Equine Motor Neuron Disease

CHAPTER 133 Equine Motor Neuron Disease

Equine motor neuron disease (EMND) is a neurodegenerative disorder of the somatic lower motor neurons of horses. The disease was first described in 11 horses in 1990. Results of epidemiologic, laboratory, pathology, and experimental studies strongly support vitamin E deficiency as the primary risk factor for EMND. Pathologic changes are generally limited to the lower motor neuron system. Laboratory and pathologic findings are supportive of an oxidative disorder affecting ventral horn somatic motor neurons, especially those supplying muscles with highly oxidative type 1 fibers. The lipopigment deposition seen in the retinal pigment epithelium of affected horses is a result of light-generated oxidative damage. The increased lipopigment in motor neurons and central nervous system (CNS) capillary endothelial cells also reflects increased lipid peroxidation in the CNS.

Horses with EMND have almost always been housed at the same location for at least 18 months. Most horses affected in the United States have had little or no pasture access, which helps explain the vitamin E deficiency. The disease seems more prevalent in the northeastern United States, but it has been reported in most states and many countries of the world. Based on the frequency of horses with EMND referred to Cornell University, the incidence of the disease appeared to begin declining in 1999, shortly after the link between EMND and vitamin E deficiency was established. Although similar epidemiologic findings have been reported in Europe and most horses with EMND on that continent have limited or no access to pasture, a surprising number of cases include owners who report that the horse has had adequate access to pasture. Interestingly, and unexplained thus so far, the pastured horses with EMND all had abnormally low plasma vitamin E concentrations.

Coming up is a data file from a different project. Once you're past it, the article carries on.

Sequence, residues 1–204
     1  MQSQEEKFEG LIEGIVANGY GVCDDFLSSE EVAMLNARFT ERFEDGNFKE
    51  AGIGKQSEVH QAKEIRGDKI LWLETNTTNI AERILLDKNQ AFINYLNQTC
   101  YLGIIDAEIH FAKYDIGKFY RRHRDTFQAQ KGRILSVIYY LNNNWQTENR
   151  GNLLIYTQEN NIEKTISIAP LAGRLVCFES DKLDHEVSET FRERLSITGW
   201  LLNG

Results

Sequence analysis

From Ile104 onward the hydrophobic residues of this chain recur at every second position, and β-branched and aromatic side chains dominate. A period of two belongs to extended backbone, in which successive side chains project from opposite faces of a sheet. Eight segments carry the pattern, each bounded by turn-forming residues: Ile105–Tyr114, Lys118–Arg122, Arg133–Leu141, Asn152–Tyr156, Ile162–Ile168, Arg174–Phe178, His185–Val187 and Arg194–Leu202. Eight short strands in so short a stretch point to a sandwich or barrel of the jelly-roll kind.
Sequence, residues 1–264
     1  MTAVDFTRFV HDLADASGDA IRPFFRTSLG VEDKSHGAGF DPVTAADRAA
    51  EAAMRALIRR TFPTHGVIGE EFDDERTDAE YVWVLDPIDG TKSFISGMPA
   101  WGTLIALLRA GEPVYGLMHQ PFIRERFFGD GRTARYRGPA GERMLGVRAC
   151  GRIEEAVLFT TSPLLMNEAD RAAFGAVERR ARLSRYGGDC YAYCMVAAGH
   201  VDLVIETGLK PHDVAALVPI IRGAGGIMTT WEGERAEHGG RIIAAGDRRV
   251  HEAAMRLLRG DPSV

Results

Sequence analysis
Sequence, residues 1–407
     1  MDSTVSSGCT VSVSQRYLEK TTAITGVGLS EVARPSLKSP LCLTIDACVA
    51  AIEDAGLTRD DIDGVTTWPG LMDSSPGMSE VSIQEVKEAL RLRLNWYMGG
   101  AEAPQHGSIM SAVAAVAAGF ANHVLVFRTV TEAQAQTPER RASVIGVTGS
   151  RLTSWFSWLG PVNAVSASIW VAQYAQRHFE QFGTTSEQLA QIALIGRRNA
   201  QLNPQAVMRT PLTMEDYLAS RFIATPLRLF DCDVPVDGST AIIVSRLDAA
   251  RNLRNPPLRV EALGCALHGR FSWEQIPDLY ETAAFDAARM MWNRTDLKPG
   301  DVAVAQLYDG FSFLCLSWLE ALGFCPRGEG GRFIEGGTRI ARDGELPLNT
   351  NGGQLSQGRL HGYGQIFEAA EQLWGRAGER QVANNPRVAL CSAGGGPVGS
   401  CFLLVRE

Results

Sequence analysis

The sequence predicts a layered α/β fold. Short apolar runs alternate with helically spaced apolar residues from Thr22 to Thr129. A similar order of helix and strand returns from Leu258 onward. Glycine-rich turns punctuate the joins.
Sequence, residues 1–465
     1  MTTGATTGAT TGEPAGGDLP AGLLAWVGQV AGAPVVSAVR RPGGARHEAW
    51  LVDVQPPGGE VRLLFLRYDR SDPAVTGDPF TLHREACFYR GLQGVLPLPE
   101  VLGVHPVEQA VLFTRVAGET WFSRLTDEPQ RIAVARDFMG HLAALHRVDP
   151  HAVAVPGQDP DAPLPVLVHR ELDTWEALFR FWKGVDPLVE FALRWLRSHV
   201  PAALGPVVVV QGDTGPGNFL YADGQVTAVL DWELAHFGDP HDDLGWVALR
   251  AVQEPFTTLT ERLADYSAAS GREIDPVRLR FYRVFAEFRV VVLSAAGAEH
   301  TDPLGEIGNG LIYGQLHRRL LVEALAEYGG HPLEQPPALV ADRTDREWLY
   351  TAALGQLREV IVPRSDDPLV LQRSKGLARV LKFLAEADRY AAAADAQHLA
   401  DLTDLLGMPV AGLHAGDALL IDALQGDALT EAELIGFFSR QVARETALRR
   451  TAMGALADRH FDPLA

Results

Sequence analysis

Horses with acquired EMND are 2 years of age or older. Clinical signs generally seen are acute onset of trembling, a short-strided gait, almost constant shifting of weight in the pelvic limbs when standing, and excessive recumbency. Muscle wasting is noticeable, and, when queried, owners often remark that weight loss was apparent before the onset of trembling. Funduscopic examination reveals brown streaking discoloration (Figure 133-1) in nearly 40% of affected horses, although visual impairment is rarely reported. The tailhead is often carried in an elevated position, and the head and neck are carried in an abnormally low position. In a smaller percentage of horses, trembling and constant shifting of weight may either not occur or not be observed, and the predominant clinical sign may be muscle wasting. Although these clinical signs are characteristic for EMND, other neuromuscular disorders, especially certain chronic myopathies and equine dysautonomia, may have a similar clinical appearance.

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May 28, 2016 | Posted by in EQUINE MEDICINE | Comments Off on Equine Motor Neuron Disease

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